Abstract

Infrared and stereoscopic visible satellite data from synchronized scanning of GOES-East and -West are combined with ground-based radar data for Hurricane Frederic (1979) and time-composited airborne radar for Hurricane Alien (1980) to investigate hurricane cloud and precipitation structure. Cloud winds with stereoscopic cloud-top height assignments were measured within a ten degree latitude radius of Hurricane Frederic using 7.5 minute interval GOES data and were combined with rawinsonde and low-level aircraft wind data.

It was observed that stereoscopically measured cloud-top height in these hurricanes was not nearly as closely correlated to radar reflectivity at lower levels as it is in intense thunderstorms over land. In the eyewall of Hurricane Frederic, some of the high reflectivity regions appear as stereoscopically observed overshooting tops, but major radar-observed precipitation areas outside the eyewall were not evident in the overlying cloud-top structure. The most extensive precipitation band was located beneath a warm trench in Frederic's central overcast. As indicated by radar, most of the cyclone's broad, cold central overcast produced no significant precipitation. These results imply that satellite precipitation estimation techniques for tropical cyclones based on cloud-top measurements will not be accurate for time and space scales less than several hours and a few hundred kilometers respectively.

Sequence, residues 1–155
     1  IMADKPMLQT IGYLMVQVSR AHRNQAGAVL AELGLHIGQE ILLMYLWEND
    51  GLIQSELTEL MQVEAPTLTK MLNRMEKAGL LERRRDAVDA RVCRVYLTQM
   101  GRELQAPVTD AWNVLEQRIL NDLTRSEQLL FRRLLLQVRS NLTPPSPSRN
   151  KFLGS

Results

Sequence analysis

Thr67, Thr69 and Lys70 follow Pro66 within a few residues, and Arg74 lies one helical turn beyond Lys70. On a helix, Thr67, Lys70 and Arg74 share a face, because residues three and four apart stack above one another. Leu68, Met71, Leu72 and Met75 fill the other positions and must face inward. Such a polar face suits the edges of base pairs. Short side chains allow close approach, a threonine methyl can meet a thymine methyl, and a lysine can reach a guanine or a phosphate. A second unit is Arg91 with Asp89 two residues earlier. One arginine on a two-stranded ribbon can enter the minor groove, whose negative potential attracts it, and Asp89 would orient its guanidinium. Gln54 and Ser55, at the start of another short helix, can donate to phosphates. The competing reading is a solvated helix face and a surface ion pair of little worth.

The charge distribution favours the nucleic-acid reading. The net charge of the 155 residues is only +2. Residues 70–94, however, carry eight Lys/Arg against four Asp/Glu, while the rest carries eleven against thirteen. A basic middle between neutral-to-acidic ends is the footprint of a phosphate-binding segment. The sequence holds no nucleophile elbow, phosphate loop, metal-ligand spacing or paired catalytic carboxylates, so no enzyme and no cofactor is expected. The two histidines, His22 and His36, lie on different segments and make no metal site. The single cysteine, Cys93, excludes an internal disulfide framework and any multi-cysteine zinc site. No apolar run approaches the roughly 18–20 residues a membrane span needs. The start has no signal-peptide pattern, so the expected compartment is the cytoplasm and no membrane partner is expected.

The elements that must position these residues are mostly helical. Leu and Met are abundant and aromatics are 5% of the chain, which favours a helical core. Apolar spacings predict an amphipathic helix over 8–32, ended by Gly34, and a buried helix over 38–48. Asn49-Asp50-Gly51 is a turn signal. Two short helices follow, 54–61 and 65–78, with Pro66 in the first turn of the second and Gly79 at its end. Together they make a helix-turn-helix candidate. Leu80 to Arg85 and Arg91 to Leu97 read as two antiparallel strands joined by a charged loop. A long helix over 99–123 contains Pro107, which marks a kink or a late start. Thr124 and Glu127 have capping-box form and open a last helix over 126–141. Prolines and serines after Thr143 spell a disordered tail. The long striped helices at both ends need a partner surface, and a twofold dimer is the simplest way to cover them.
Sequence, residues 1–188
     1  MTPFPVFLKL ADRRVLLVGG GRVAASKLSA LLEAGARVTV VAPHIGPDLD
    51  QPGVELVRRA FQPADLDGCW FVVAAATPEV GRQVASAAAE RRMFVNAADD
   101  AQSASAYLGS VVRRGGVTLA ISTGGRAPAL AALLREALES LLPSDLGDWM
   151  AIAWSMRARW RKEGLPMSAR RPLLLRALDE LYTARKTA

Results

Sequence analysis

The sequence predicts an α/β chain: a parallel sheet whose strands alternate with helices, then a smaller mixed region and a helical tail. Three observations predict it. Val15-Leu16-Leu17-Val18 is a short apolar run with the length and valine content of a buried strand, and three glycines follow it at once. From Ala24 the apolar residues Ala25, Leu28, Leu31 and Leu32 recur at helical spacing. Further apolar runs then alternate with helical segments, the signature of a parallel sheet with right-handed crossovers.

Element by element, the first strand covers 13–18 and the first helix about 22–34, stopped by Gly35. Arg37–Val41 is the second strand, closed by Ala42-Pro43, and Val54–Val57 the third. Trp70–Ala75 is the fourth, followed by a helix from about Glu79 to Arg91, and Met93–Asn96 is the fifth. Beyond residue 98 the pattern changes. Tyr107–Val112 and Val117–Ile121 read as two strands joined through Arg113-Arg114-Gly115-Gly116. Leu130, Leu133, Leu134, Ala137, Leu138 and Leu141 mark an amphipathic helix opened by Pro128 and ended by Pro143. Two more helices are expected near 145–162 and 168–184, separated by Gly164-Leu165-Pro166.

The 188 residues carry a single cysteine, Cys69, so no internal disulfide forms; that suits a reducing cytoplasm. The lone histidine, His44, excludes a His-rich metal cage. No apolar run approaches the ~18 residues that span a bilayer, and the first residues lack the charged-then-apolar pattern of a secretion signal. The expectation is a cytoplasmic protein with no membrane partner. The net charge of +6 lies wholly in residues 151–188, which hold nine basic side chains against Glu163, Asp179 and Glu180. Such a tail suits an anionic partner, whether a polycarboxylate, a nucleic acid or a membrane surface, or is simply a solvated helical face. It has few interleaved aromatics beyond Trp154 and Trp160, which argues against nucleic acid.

In the stronger Hurricane Allen, the highest radar reflectivity regions in the eyewall lie under a pronounced outward slope above 10 km of the eyewall cloud boundary which is indicated by the stereoscopic satellite observations.

Tangential flow dominated the cloud wind field around Hurricane Frederic out to at least 800 km from the eye over land and water. These clouds used as tracers to estimate winds and having heights below 5 km were shown to move with the winds at cloud base. Inflow and outflow were found at the same height levels in separate regions of the cyclone at middle and upper levels of Frederic. Deeper convective clouds tended to be associated with the inflow regime while stratiform clouds were associated with outflow at these upper levels. Infrared (IR)-derived cloud heights showed errors as great as 10 km with no corrections applied when compared to the stereo heights for cirrus outside the central overcast.

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